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Thursday, Oct. 5, 2006 | Fascinating, this week, to read the story by The New York Times travel writer Joe Sharkey, of his experience on an airplane he believed might crash. He was aboard the executive jet, flying above the Amazon forest, that was clipped by a jetliner with 155 people aboard. The jetliner crashed, killing all on board, but Sharkey’s story tells how his damaged aircraft was able to stay airborne until they could find a landing field.

It was the first such experience I had ever read, since the same thing happened to me, almost 50 years ago. On the afternoon of Friday, Nov. 28, 1958, I was on an airplane that I believed was going to crash. For a moment, in fact, I believed it had crashed, and that I must be dead.

I was a sophomore on our district champion high school football team, the Abilene Eagles, and we were flying from Abilene, in West Texas, for a first-round playoff game against Ysleta, an El Paso suburb. We were on two chartered DC-3s, the first team and head coach on the first plane, the scrubs on the second. I was on the second, in the last seat on the right-hand side.

I loved airplanes, knew all the makes and types, liked to go to the Abilene airport and watch the Pioneer Airlines DC-3s come and go. So I knew, that at Big Spring, 100 miles west of Abilene, there was Webb Air Force Base. The base was south of us, to our left, so I got out of my seat and asked the two guys across the aisle if I could lean across and look out their window at the base. There it was, the runway perpendicular to us, maybe five miles away.

In the next instant, without any sense of anything happening, or time passing, I was stuck, spread-eagled, to the ceiling of the airplane. I couldn’t move a finger, couldn’t close my eyes. Directly below my eyes was the window I had been looking out of. Below that was the ground, brown West Texas ranch land, coming up to get me.

In another instant, again without any sense of happening or time, I was on the floor, underneath one of the guys – Graham Holland – I had been leaning over, and on top of us was a lot of stuff, including a long, large, glossy stick, red and white with black marks and numbers on it. Loving airplanes, I knew this was the stick that, at the airport, they used to measure the fuel in the wing tanks. I looked at the stick and thought: this stick is supposed to be outside the airplane. It must mean that I am outside the airplane, too, which means I must be dead. Never having been dead, it made sense that this is what it would look like to a departing spirit: just like life.

But then we started to stir, pick ourselves up. We were flying again, straight and level. It was very quiet on the airplane. The pilot, Charles L. Kageler, came on the intercom. He said we were almost hit by a T-33 jet trainer, taking off from Webb. He said he cut power to his engines, stood the DC-3 (a fabulous airplane) on its left wingtip, and dropped about 1,000 feet. That’s what stuck me to the ceiling. Kageler said the trainer missed us by about 25 feet.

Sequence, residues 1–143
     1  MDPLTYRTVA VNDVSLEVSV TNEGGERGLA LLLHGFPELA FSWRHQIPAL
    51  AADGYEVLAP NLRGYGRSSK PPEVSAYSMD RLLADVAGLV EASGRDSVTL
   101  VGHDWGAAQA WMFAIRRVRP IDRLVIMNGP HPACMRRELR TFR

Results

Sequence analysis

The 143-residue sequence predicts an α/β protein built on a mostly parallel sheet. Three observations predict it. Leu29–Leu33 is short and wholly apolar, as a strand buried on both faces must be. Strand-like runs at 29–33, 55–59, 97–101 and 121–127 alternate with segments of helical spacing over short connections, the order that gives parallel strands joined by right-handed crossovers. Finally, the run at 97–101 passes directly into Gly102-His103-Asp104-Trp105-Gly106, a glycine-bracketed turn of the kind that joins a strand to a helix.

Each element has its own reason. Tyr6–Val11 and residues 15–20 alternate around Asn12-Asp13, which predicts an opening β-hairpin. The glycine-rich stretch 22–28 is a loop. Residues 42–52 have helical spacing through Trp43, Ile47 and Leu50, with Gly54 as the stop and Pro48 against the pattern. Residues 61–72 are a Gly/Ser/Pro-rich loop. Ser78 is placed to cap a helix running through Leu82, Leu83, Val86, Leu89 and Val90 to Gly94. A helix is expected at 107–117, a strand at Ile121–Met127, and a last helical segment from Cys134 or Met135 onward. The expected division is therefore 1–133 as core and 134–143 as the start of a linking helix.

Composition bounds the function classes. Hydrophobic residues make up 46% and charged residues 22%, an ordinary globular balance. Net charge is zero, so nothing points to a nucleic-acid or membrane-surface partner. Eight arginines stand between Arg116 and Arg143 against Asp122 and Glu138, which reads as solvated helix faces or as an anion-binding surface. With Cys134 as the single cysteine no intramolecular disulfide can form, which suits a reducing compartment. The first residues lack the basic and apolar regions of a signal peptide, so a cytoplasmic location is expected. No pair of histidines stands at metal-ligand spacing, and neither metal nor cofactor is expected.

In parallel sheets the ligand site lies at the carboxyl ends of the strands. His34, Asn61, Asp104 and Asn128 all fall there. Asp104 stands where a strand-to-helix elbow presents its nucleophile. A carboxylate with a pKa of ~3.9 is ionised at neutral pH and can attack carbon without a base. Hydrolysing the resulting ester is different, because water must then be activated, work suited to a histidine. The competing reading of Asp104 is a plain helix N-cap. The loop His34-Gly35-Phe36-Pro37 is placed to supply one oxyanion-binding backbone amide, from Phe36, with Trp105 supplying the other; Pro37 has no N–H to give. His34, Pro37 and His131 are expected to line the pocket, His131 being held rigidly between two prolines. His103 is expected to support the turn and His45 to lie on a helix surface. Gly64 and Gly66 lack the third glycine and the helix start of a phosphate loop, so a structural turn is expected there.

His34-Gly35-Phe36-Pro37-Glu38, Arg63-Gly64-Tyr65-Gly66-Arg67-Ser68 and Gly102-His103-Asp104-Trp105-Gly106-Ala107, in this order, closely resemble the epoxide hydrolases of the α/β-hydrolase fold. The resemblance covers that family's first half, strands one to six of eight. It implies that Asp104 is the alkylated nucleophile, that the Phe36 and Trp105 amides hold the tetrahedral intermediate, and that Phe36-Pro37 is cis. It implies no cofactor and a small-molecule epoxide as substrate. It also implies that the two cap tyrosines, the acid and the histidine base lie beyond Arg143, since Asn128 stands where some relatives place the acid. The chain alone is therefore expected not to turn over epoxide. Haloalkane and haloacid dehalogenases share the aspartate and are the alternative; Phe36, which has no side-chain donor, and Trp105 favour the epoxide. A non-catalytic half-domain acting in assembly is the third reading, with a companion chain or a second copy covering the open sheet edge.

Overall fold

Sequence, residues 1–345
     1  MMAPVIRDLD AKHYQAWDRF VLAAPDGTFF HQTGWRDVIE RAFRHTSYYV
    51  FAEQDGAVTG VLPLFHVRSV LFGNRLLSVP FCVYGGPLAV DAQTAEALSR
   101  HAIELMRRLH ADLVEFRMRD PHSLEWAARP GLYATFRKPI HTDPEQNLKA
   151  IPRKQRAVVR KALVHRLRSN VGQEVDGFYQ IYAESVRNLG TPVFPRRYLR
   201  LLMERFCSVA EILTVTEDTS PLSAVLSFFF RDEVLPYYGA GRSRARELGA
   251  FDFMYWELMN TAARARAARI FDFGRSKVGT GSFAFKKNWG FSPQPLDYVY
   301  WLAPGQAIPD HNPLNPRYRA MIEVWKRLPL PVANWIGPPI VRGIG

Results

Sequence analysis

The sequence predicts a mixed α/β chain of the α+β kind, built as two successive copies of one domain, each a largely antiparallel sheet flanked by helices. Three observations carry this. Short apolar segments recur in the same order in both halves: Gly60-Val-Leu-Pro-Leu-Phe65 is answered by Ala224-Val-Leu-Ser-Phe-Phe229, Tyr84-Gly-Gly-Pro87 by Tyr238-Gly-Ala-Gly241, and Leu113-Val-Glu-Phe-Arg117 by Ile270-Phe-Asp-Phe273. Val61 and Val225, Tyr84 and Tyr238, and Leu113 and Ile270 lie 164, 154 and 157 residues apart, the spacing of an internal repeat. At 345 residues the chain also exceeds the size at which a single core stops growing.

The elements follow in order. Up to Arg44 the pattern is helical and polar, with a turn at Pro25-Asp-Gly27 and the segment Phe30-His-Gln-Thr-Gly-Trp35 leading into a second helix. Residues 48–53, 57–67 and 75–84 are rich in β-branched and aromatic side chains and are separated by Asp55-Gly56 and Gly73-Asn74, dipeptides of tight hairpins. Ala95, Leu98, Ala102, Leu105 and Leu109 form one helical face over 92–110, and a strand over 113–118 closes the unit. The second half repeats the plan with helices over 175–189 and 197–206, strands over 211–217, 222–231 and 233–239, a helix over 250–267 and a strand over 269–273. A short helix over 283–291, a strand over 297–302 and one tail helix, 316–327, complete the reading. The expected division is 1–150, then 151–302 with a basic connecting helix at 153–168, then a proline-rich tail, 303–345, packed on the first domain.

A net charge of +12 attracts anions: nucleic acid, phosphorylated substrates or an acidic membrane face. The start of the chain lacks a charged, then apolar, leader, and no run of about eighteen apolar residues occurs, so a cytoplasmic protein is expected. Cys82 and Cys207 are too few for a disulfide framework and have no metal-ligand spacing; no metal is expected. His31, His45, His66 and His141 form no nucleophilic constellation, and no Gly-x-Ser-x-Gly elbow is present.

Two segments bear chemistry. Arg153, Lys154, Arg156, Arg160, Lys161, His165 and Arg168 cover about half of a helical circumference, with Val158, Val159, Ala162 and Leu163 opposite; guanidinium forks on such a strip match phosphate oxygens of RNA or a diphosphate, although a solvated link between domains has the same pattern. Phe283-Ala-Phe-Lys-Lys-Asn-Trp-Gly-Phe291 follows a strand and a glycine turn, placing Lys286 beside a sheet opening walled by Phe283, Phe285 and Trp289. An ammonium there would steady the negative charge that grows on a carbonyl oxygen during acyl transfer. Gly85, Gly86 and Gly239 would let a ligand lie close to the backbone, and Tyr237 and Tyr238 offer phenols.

We flew on to El Paso, played the next day, won, 45-0, and flew home without incident. But the people on the airplane that Friday afternoon had become members of a club who know what it is like on an airplane that is about to crash. We knew three things: your life really does pass before your eyes; the ground really does come up to get you; there is no panic, or terror. No one on the airplane yelled, or screamed; it was eerily quiet, during and after.

For 48 years, I believed the absence of terror was because of time. It happened so quickly, the brain couldn’t figure it out. The brain, being a logical instrument, strives to put patterns on everything, but things were happening too fast. I came to believe it was a form of compensation: people who were about to die at least would not die in the indignity of terror.

Now, this week, I read about Joe Sharkey’s experience, a “terrific jolt,” the sight of a wingtip sheared off and the skin of the wing peeling back, losing speed and altitude, and no visible place in the thick rain forest to land. They were in the air for 30 minutes, “the most harrowing 30 minutes of my life,” Sharkey writes. Plenty of time to figure things out. Yet, Sharkey writes: “Amazingly, no one panicked.”

So there must be something else about human beings. We – not our intellect, but our visceral selves – must understand the singularity of life, of being alive, and we are born with an instinct that says such a possession cannot, will not, be taken away. A wingtip is sheared off, the plane is going down, but that’s OK. Plenty of time left. Plenty of fight. I have witnessed some evidence of this. A person is dying, wasted by disease, yet in the last minutes, the final minute, the last seconds, the body is fighting visibly, ferociously, to stay alive, to possess its singularity, until finally it relaxes, takes a deep breath or two, and then surrenders. This thing about life in us makes us all noble.

The World Trade Center victims didn’t jump to die. They jumped because it was their last fighting chance to live.

Journalist, author and educator Michael Grant has been putting his spin on San Diego, and the city putting its spin on him, since 1972. His Web site is at

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